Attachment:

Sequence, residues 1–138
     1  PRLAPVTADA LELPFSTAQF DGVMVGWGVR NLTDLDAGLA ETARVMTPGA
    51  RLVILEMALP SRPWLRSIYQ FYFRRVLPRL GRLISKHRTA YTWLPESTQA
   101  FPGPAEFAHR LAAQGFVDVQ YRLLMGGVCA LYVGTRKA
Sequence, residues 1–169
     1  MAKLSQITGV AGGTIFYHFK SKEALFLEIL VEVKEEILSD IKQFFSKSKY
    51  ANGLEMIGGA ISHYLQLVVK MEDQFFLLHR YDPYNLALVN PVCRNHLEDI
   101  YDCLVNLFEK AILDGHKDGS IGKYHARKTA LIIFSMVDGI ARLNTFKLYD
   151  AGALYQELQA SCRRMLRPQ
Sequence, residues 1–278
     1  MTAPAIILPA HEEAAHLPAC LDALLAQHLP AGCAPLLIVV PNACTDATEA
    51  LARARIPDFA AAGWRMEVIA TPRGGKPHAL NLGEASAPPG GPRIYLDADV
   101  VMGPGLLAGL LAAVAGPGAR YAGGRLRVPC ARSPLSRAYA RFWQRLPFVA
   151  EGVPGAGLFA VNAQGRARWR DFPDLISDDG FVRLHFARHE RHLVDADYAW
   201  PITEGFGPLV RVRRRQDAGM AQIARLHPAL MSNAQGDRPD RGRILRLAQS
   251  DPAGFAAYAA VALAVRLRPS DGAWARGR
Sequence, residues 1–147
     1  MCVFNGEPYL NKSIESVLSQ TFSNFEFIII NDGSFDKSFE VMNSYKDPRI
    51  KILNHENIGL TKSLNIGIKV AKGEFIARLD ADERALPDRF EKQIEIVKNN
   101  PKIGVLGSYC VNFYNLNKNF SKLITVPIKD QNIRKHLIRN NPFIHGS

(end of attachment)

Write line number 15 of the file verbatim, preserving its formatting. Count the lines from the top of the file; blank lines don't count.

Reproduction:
   201  PITEGFGPLV RVRRRQDAGM AQIARLHPAL MSNAQGDRPD RGRILRLAQS